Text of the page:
So how do we counter that? How do we let our teenagers know that hooking up is not only emotionally careless and lacking in ANY intimacy, it’s also doing a little daily damage to that otherwise temperamental and fragile ego. Trust me, I have tried. Gently using my ‘Understanding Mom’ voice, I speak while making that furrowed brow, and scrunch up my face, explicitly inferring my genuine distaste. I sigh loudly and make that half ‘huch’ sound by rolling the back of my tongue against the roof my mouth. I know they hear me, but I am not so sure they care. This is not just a fraternity-party-gone-wrong one-night stand – something we are all guilty of at one point or another, rather, it has become a socially accepted, completely customary part of their generation.
Nameless fooling around, casual sexual encounters in someone’s basement or in the back of a car that never goes anywhere is happening over and over again.
Think about how few teens actually have boyfriends and girlfriends, how teens today seem to have little interest in having a steady companion. Why should you when you can chug whatever gasoline your friend stole from his parents liquor cabinet and get it on with that girl from your chemistry class? Blame the media, blame social networking, it doesn’t matter. But I think we need to understand that even though it’s here — it doesn’t mean we go down without a fight.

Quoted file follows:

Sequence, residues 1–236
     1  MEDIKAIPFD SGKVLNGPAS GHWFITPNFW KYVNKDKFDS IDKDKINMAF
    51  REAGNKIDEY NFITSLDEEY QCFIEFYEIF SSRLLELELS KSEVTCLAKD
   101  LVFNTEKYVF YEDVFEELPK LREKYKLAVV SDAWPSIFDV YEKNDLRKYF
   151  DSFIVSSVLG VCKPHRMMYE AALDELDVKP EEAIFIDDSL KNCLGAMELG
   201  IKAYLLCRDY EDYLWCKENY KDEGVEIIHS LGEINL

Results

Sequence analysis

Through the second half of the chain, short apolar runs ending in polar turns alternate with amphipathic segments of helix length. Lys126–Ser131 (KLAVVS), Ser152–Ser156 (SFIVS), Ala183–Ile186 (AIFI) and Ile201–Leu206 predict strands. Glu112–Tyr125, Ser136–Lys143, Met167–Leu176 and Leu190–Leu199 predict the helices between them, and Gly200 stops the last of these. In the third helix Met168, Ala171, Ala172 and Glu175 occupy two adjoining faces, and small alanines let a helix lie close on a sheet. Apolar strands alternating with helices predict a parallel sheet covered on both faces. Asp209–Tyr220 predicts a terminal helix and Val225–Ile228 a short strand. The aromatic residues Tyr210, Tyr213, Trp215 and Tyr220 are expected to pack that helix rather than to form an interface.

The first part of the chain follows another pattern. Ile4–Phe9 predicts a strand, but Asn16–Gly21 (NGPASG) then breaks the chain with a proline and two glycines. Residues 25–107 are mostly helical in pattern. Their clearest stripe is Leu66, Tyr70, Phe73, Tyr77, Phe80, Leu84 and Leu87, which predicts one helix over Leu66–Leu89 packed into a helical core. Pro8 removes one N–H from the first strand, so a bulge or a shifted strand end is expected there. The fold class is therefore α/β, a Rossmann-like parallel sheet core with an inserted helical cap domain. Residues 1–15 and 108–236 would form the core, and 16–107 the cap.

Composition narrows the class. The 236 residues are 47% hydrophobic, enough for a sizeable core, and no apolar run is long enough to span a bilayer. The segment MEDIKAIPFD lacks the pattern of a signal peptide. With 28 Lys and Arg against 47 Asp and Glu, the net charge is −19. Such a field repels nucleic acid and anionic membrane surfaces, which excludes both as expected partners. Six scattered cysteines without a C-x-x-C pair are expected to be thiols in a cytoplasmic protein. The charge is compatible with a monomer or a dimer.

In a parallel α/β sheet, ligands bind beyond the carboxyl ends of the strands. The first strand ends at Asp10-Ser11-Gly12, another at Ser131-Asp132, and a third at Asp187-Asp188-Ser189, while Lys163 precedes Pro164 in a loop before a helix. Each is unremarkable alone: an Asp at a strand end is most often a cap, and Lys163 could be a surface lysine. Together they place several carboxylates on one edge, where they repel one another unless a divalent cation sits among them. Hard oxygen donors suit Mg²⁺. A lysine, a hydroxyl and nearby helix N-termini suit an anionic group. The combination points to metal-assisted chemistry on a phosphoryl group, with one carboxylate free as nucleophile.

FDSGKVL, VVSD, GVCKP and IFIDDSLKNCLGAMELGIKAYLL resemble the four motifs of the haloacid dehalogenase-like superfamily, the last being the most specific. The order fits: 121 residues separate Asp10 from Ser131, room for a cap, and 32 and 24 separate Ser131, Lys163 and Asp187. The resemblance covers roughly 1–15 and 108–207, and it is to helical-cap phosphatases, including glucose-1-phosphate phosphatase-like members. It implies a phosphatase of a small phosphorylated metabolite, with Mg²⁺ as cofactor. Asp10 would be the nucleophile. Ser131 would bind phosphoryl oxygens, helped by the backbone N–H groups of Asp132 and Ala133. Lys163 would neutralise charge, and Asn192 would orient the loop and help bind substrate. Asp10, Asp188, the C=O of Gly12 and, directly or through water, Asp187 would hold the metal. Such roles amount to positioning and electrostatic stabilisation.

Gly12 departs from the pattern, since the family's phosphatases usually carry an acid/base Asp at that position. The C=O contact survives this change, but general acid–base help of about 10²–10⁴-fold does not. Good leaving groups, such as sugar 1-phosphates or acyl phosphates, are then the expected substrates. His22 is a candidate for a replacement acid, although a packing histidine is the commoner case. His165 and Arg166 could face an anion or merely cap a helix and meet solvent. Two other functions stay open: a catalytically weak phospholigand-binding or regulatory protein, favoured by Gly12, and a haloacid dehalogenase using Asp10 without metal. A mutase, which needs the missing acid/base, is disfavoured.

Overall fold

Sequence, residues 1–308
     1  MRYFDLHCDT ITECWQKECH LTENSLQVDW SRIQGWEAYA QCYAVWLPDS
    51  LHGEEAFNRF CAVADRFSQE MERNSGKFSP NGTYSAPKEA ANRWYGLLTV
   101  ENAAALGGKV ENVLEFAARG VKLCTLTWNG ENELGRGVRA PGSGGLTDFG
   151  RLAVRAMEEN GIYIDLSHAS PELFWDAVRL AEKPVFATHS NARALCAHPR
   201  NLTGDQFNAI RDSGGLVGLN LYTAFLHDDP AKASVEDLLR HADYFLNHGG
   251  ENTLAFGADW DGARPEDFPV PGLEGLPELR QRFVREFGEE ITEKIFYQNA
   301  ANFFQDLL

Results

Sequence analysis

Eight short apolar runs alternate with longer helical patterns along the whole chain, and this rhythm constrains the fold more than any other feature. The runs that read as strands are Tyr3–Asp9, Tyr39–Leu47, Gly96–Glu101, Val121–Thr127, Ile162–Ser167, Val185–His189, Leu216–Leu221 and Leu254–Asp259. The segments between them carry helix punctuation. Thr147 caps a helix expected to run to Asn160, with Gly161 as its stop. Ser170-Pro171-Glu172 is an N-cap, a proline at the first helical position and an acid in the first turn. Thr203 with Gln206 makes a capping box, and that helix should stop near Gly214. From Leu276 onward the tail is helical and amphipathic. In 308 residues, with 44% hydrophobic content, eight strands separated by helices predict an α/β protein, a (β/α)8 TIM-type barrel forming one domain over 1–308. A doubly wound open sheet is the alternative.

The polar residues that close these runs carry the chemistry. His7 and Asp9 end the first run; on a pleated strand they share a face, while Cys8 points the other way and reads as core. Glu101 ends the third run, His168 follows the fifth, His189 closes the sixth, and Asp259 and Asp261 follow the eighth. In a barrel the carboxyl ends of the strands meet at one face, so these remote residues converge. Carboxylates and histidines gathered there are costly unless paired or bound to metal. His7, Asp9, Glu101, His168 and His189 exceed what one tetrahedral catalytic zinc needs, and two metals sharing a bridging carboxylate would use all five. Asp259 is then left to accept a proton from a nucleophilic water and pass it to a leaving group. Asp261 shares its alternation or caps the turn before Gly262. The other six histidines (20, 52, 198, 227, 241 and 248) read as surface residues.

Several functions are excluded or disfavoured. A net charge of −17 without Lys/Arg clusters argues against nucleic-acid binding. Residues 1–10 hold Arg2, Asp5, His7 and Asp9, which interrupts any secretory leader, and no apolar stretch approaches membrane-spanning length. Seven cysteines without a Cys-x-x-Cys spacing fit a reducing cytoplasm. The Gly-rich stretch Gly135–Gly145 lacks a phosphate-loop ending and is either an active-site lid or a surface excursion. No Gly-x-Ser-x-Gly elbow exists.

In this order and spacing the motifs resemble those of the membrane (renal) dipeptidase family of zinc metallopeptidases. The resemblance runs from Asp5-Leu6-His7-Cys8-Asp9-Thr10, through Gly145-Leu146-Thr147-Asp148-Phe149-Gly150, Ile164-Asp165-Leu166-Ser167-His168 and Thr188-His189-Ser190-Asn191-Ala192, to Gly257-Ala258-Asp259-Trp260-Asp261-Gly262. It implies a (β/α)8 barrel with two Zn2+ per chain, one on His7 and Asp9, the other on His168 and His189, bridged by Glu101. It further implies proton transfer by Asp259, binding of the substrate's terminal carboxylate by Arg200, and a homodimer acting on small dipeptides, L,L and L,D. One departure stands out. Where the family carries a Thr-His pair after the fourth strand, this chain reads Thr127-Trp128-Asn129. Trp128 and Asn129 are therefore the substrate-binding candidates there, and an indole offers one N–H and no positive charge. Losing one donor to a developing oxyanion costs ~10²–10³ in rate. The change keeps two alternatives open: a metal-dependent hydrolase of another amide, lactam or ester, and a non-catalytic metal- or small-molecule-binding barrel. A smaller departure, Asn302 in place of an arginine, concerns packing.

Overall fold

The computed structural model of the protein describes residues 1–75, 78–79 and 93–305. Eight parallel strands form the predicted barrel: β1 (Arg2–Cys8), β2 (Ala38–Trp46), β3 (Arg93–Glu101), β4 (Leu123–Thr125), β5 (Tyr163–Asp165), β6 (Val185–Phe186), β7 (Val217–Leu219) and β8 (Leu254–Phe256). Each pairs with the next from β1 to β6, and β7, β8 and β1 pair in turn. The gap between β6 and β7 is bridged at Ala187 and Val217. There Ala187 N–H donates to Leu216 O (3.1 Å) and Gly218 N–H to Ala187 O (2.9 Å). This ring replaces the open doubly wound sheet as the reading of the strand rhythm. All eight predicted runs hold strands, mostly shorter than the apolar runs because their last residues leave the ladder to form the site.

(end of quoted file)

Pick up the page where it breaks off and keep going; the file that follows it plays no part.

I understand that some of you will simply pass this on as just another phase, one more teenage rebellion to deal with – but I can assure you that once our kids become desensitized to this otherwise meaningful act, they will do it with greater frequency. Why should they emotionally invest themselves in a relationship if they can fool around without desiring any trust or devotion? Never having been one to keep my opinions to myself, however, I wrestle with the hasty and reckless behavior that is discussed in overheard conversations and find it demeaning and disrespectful to both parties involved.
Treating physical intimacy of any kind with irreverence creates affectionate vacancy. Our kids need to know what it feels like to really LIKE one another, not just get off because there wasn’t anything good on HBO.
‘Hooking Up” is the lazy teen’s guide to friends with benefits … but tell me, what are the real benefits?
Remember the thrill of really liking someone in high school? The crushes that made you think about when you could see each other, talking on the phone (not texting) until your parents screamed at you to get off and making out in parked cars until the windows steamed? Truthfully, that’s what I want for my kids. A Throwback Thursday of generational proportion, we should talk to our teens about how good it feels to express yourself in that way but with someone you really, truly like and feel respected by. Let’s admit that our kids are all going to fool around – but under what circumstances will it help them grow and develop as sensitive, respectful and compassionate adults?
Not by ‘hooking up.’ That’s for sure.
Lisa Barr, Editor of GIRLilla Warfare: Debby Shulman is a college essay consultant and academic tutor with a private practice in Northbrook, Illinois. She also professionally collaborates with Amy Simon College Consulting in Bannockburn, Illinois. Debby also blogs about Motherhood/Teen issues for Your Teen magazine (www.yourteenmag.com). Check out her valuable advice.